Epigenetic effects on children’s psychosocial development in a randomised trial of folic acid supplementation in second and third trimester (EpiFASSTT)

EpiFASSTT is a biopsychosocial approach investigating the effects of maternal folate status during the second and third trimester of pregnancy on cognitive, social and emotional development of the offspring. We explore how this correlates with epigenetic changes in the genome at birth and whether these changes persist throughout the lifetime. This will reveal the extent to which environmental stressors can affect a person’s future health and generate new knowledge in an area of current public health importance.

Stress in pregnancy and the effect on health in later life

Increasingly accurate surveys of human health throughout the life course has led experts to propose that stresses on the child while still in the mother’s womb can affect the individual’s health much later in life. While many factors can potentially act as stressors, the majority of these are difficult to examine thoroughly in human populations and so findings are based largely on observational work.

Folate during pregnancy

The essential nutrient folate is among the concrete factors known to affect child health. It has been proven to play a role in preventing neural tube closure defects (e.g. Spina bifida) when deficient during the first three months (first trimester) of pregnancy. Current UK guidance is therefore to supplement with folic acid during the first trimester only. However, other observational studies suggest that folate deficiency in trimesters two and three also affects children’s brain development. Proof for this can only be provided by the gold standard test which is a Randomised Control Trial, where half the participants take folate in trimesters two and three and half do not, with participants assigned randomly to supplement or no supplement. 

Folic acid supplementation in later pregnancy and improved outcomes at age 7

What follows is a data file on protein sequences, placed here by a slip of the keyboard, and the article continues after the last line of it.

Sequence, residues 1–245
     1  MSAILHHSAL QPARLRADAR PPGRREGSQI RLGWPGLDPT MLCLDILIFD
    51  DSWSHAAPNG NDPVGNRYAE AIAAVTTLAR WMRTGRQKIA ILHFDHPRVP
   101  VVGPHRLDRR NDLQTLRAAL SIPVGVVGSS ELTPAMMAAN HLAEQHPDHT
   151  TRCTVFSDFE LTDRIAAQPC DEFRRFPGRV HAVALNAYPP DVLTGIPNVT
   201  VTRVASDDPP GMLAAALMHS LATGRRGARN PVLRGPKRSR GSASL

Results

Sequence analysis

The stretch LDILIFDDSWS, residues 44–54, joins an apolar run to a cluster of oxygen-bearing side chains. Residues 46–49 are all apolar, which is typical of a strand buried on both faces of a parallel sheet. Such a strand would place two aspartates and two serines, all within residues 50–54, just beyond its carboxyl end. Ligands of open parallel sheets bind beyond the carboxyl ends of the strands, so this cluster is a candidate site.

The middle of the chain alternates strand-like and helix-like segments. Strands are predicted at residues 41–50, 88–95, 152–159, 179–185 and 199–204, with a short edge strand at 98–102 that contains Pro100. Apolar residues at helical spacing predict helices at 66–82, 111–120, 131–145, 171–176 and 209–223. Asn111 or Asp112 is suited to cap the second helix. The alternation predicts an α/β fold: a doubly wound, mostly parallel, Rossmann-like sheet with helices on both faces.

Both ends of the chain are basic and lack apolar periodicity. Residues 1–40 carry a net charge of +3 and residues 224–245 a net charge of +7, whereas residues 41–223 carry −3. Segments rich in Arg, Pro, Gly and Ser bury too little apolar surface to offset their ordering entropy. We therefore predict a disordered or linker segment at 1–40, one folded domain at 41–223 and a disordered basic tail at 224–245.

We recently conducted such a trial (Folic Acid Supplementation in the Second and Third Trimester - FASSTT) and showed that folate levels in blood were substantially improved in mothers receiving the supplement and in their children. Follow up work with the children at age seven showed improved outcomes with regard to several measures of intellectual and emotional development, including verbal reasoning ability and emotional resilience. 

Epigenetic marks

Such long-term effects on health are thought to be mediated by a semi-permanent trace on the genes of the affected person called an epigenetic mark. We plan to perform a thorough search for possible epigenetic marks in the children from the FASSTT trial and their mothers. The levels of such marking detected, and the genes affected by it, will tell us much about the extent to which environmental stressors can affect a person’s future health. Likewise, it will give us concrete markers for assessing the impact of factors such as nutritional inputs on the health of the child. 

Health policy, early life social care and health services

The results of our study will also inform policy regarding food supplements and pregnancy / early life social care, with tangible benefits for children, their mums, and in the wider sphere the social and health services which provide them with support.

Intergenerational and transgenerational potential of environmental factors on DNA methylation



EpiFASSTT cohorts and data:

  • Mother/child pairs to be recruited from FASSTT trial
  • New epigenome-wide data will be generated from the pre-existing samples of maternal blood (pre-and post-intervention) and cord blood from the FASSTT cohort
  • Questionnaires for the mothers (Health and Lifestyle, Parenting Style, The Trait Emotional Intelligence Questionnaire and Strengths and Difficulties questionnaire)
  • Buccal samples (sample of cheek cells) of each child for DNA methylation analysis
  • Anthropometric measures of the children (weight, height, waist circumference and body fat measurements)
  • Child’s cognitive assessment (Wechsler Preschool and Primary Scale of Intelligence test: 3rd UK edition).

FASSTT cohort:

  • Mother/child pairs
  • Mothers took either 400ug folic acid during the second and third trimester or placebo
  • Children’s cognitive and psychological function data.

Colum Walsh holding a test tube Principal Investigator

Professor Colum Walsh

Professor of Genetics

Ulster University

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